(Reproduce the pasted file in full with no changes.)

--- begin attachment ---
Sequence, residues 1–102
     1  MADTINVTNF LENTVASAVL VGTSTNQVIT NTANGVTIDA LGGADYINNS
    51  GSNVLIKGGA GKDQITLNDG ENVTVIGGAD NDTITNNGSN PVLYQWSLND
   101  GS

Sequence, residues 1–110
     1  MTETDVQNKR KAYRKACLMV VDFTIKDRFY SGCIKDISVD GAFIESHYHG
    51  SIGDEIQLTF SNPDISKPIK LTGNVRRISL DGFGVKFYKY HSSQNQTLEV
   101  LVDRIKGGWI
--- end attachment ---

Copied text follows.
Sequence, residues 1–102
     1  MADTINVTNF LENTVASAVL VGTSTNQVIT NTANGVTIDA LGGADYINNS
    51  GSNVLIKGGA GKDQITLNDG ENVTVIGGAD NDTITNNGSN PVLYQWSLND
   101  GS

Sequence, residues 1–110
     1  MTETDVQNKR KAYRKACLMV VDFTIKDRFY SGCIKDISVD GAFIESHYHG
    51  SIGDEIQLTF SNPDISKPIK LTGNVRRISL DGFGVKFYKY HSSQNQTLEV
   101  LVDRIKGGWI